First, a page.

Special Diet Information

Coumadin® (Warfarin)
This recipe is NOT safe for Coumadin (warfarin) users.

This recipe is safe for those who are lactose intolerant.

This is NOT a low sodium recipe.

GERD / Acid Reflux
This recipe contains GERD triggers and those with GERD may wish to avoid it.

Gluten Sensitivity
This recipe is safe for those who are sensitive to gluten.


"Brussels sprouts are really quite versatile."
-Yotam Ottolenghi, Chef

The refrigerator light goes on...

I call these "holiday" brussels sprouts, but they can be for any time of the year. It is just that the cranberries make them so festive, and the rich savory flavor of the ham combined with the sweetness of the cranberries makes a great complement to the slight bitterness of the sprouts. Serve this with a savory pork dish or roasted chicken breast.


Fresh cranberries are harvested in the fall, beginning in September and reaching the market in early October. They are quite tart and are usually mixed with sweeter fruits or sugar before cooking. This makes for a wonderful balance in chutneys, sauces, stuffings and such.

Look for cranberries packaged in plastic, as they keep well when refrigerated and tightly sealed. Fresh berries should not be wrinkled or soft. Because the ripe berries have a little air inside, you will know they are fresh if they bounce. Don't buy them if they are the least bit soft. If you are going to keep them for more than a few weeks go on and put them in the freezer in a zipper bag.

Frozen cranberries make a reasonably good substitute for fresh and you shouldn't hesitate to use them. Thaw them in the fridge in a strainer over a bowl so that any excess water will drain away.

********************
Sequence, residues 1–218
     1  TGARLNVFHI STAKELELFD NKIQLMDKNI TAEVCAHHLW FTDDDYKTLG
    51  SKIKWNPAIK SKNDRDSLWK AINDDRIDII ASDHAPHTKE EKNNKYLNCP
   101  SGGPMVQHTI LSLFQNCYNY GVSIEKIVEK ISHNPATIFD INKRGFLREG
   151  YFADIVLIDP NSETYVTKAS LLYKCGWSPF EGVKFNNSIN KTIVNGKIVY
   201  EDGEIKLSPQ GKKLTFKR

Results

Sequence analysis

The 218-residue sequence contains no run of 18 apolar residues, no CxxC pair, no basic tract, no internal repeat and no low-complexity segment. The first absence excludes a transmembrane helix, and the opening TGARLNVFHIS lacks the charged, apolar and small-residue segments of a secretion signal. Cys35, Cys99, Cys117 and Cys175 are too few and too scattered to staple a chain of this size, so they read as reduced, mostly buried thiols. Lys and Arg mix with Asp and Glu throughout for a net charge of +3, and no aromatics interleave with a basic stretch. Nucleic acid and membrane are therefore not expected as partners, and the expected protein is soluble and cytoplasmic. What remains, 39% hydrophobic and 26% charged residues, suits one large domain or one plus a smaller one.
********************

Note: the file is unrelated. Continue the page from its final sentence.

My Shiitaki and Cranberry Stuffed Pork Loin recipe calls for dried cranberries. Be careful because most dried cranberries have been sweetened with sugar -- usually a fair amount. A third of a cup of dried cranberries is 120 calories where a cup of fresh is only 45 calories. This means that the 1/3 cup of dried fruit has about 4 teaspoons of sugar.

The added sweetness does change their character. They are usually as sweet as they are tart and you won't need to add as much sweetener to a chutney or stuffing when using dried cranberries. I like to use them because they add a chewy texture that fresh cranberries don't.

1/3 cup dried cranberries = 120 calories, 0g fat, 0g sat fat, 0g mono fat, 0g protein, 29g carbohydrates, 0mg sodium, 0mg cholesterol

1 cup fresh cranberries = 47 calories, 0g fat, 0g sat fat, 0g mono fat, 0g protein, 12g carbohydrates, 0mg sodium, 0mg cholesterol




Holiday Brussels Sprouts

Servings = 4 | Serving size =about 1 cup

Cooking Time = 45 Minutes

This recipe can be multiplied by 2, 3, 4, 5, 6, 7, 8.

This recipe can be divisible by 2.

This recipe makes great leftovers hot or cold.

1 1/2 ounces good quality ham or prosciutto (finely diced)
2 tsp olive oil (divided)
1 large shallot (minced)
1/4 cup dried sweetened cranberries (minced)
16 ounces Brussels sprouts (quartered)
1/8 tsp salt
fresh ground black pepper (to taste)

Holiday Brussels Sprouts
Preheat the oven to 325F.

Place the ham in a large skillet over medium high heat.

Cook, stirring frequently, for about 5 minutes.

Add one teaspoon of the olive oil and the shallot.

Cook for about 3 minutes. Stir frequently.

Add the cranberries, Brussels sprouts, salt, and pepper.

Toss well and place the skillet in the oven.

Roast for about 10 minutes.

Add the remaining one teaspoon olive oil and toss well.

Roast for another 10 to 15 minutes.


Nutrition Facts

Serving size = about 1 cup

Servings = 4


Amount Per Serving

Calories 101 Calories from Fat 31
  % Daily Value
Total Fat 3g 6%
    Saturated Fat <1g 2%
    Monounsaturated Fat 2g
    Trans Fat 0g
Cholesterol 6mg 2%
Sodium 241mg 9%
Total Carbohydrates 14g 6%
    Dietary Fiber 4g 17%
    Sugars 4g
Protein 6g
Vitamin A 18% Vitamin C 162%
Calcium 4% Iron 10%
Vitamin K 202 mcg Potassium 506 mg
Magnesium 30 mg